Oscar Oiwa (visual artist) received an ACC Fellowship in 2001 to travel from Japan to the United States to meet curators and artists, and observe contemporary art activities. He shares an excerpt from his website, “a drawing series in progress, concerning these days of personal reflection, living in New York, the center of the pandemic.”

Suddenly, life has changed. I have stopped taking the subway, going to my studio, walking around the city, seeing movies at the theater, and meeting up with my friends. I spend my days in quarantine, going outside only to shop for food or to get a little fresh air.

Projects and trips have all been postponed. The city has become the new epicenter of the pandemic and life has been made more difficult for all of its inhabitants. Many people have lost their jobs and are getting desperate about paying bills. News from the world outside is far from encouraging. Entire countries have closed their borders. The US presidential response in itself has been a disaster.

I think about what I can do to remain as mentally creative as usual while stuck in my Manhattan apartment. God gave me the gift of transforming feelings into visual art. And using this power, I have started to make a new series of drawings: an imaginary trip in the midst of life under quarantine. The result is like a diary of insights about my past, my present daily life, and the future.

My table, New York, 2020, digital drawing, 56 x 76 cm/ 22 x 30 inches

This little table has become the center of my life. If I can no longer travel every day to my studio, I think the best I can do now is to stay quiet and wait until the thunderstorm has passed. The outbreak in the city is expected to reach its apex in a week, and we still have a long path to traverse. But now after three weeks in quarantine, this irregular life has become the new normal, and I am feeling less stressed.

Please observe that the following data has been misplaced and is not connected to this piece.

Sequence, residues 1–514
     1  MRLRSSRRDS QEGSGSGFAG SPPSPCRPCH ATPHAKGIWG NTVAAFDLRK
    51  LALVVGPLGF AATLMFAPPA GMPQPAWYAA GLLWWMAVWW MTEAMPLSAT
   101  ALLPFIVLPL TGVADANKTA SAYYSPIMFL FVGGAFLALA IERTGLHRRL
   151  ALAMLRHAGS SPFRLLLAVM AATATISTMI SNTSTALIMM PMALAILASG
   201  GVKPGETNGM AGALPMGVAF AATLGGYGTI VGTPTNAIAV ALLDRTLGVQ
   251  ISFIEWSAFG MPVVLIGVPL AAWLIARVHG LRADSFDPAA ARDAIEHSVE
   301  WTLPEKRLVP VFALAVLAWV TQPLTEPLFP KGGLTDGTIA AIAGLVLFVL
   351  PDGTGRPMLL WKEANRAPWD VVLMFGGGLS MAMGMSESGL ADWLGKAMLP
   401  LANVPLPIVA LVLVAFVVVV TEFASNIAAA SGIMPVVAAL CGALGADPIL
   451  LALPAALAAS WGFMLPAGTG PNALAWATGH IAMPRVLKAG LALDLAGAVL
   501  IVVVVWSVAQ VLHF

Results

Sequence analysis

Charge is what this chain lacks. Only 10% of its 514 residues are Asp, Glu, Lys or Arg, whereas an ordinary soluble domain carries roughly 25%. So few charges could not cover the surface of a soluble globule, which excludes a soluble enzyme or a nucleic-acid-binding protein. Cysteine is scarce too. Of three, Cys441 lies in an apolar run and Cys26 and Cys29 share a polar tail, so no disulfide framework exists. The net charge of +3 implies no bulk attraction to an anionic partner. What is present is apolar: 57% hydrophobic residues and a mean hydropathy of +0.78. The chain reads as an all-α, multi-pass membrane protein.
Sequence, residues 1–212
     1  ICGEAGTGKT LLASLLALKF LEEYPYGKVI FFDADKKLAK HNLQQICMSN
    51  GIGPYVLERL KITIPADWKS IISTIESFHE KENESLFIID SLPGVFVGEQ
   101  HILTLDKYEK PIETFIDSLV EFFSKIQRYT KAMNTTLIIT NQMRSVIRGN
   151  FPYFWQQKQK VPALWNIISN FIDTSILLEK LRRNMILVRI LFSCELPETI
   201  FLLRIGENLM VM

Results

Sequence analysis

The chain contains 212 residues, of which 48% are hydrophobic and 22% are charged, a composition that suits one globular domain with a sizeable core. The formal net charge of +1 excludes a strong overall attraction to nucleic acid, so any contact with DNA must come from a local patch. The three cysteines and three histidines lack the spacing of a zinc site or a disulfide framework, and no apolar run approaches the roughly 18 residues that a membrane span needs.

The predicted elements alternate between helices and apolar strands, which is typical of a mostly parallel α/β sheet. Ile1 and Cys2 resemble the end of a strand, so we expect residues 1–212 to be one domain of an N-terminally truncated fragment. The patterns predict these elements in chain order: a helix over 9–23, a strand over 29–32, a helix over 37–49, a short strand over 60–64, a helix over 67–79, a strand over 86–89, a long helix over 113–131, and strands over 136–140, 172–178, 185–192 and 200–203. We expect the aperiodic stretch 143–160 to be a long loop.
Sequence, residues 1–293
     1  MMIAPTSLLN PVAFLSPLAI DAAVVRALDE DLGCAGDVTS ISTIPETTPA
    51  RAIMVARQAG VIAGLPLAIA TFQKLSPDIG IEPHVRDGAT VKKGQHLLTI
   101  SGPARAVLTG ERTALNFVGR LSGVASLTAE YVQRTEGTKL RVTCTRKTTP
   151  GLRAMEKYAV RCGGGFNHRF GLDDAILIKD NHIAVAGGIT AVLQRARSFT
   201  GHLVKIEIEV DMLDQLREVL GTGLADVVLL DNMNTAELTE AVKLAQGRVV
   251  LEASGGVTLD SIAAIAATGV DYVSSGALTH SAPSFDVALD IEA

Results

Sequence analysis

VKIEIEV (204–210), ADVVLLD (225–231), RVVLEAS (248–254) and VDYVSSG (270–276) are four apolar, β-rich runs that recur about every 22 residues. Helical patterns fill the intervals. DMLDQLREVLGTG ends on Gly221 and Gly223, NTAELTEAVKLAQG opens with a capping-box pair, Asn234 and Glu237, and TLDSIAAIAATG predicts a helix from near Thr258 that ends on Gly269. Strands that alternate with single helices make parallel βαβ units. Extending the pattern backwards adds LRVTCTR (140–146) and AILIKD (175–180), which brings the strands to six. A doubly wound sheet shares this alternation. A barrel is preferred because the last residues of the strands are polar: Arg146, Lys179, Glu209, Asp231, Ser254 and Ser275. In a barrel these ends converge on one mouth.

Tsutenkaku, Osaka, 2020, digital drawing, 56 x 76 cm/ 22 x 30 inches

I was supposed to travel to Osaka at the end of March, to have a meeting with a museum curator and prepare for a show that would take place at the end of year. I was thinking about preparing a series of works with a local theme, and hoped to also spend the trip researching the history and culture of the area. However, after the coronavirus outbreak hit Japan, I needed to give up that trip too.

Showa Nihon, 2020, digital drawing, 56 x 76 cm/ 22 x 30 inches

Quarantine is a good time to see movies from the internet. I love to watch old Japanese black & white movies from the 50´s and 60´s, the golden era of Japanese cinema. At the time, the country was recovering from World War II and TVs were not yet accessible for all. Compared to technology these days, it is simple but I can feel the team creativity behind the camera. These movies are like black & white drawings, how the simpler the medium, the more difficult it is to produce a good work.


Grantee Reflections is a platform for ACC alumni to share their collective voice as an international community of artists, scholars, and cultural ambassadors. This is a cultural exchange of words, image, video, and sound from around the world. While our bodies cannot travel, our minds can still meet.